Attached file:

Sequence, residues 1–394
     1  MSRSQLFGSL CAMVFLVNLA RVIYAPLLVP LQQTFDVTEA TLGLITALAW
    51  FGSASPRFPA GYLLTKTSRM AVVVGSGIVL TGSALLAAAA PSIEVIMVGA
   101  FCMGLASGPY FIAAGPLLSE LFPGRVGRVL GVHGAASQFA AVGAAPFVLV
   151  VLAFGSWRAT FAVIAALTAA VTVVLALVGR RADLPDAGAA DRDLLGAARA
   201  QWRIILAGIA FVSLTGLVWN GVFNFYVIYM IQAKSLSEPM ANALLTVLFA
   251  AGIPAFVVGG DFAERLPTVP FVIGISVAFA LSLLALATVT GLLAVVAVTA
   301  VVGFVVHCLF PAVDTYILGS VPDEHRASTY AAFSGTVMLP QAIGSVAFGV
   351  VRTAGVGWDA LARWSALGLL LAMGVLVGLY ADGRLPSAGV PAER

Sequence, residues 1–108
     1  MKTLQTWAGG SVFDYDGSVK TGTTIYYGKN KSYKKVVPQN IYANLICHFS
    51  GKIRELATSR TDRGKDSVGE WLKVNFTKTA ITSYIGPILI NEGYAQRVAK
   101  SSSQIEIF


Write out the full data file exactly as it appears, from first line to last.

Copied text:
Sequence, residues 1–394
     1  MSRSQLFGSL CAMVFLVNLA RVIYAPLLVP LQQTFDVTEA TLGLITALAW
    51  FGSASPRFPA GYLLTKTSRM AVVVGSGIVL TGSALLAAAA PSIEVIMVGA
   101  FCMGLASGPY FIAAGPLLSE LFPGRVGRVL GVHGAASQFA AVGAAPFVLV
   151  VLAFGSWRAT FAVIAALTAA VTVVLALVGR RADLPDAGAA DRDLLGAARA
   201  QWRIILAGIA FVSLTGLVWN GVFNFYVIYM IQAKSLSEPM ANALLTVLFA
   251  AGIPAFVVGG DFAERLPTVP FVIGISVAFA LSLLALATVT GLLAVVAVTA
   301  VVGFVVHCLF PAVDTYILGS VPDEHRASTY AAFSGTVMLP QAIGSVAFGV
   351  VRTAGVGWDA LARWSALGLL LAMGVLVGLY ADGRLPSAGV PAER

Sequence, residues 1–108
     1  MKTLQTWAGG SVFDYDGSVK TGTTIYYGKN KSYKKVVPQN IYANLICHFS
    51  GKIRELATSR TDRGKDSVGE WLKVNFTKTA ITSYIGPILI NEGYAQRVAK
   101  SSSQIEIF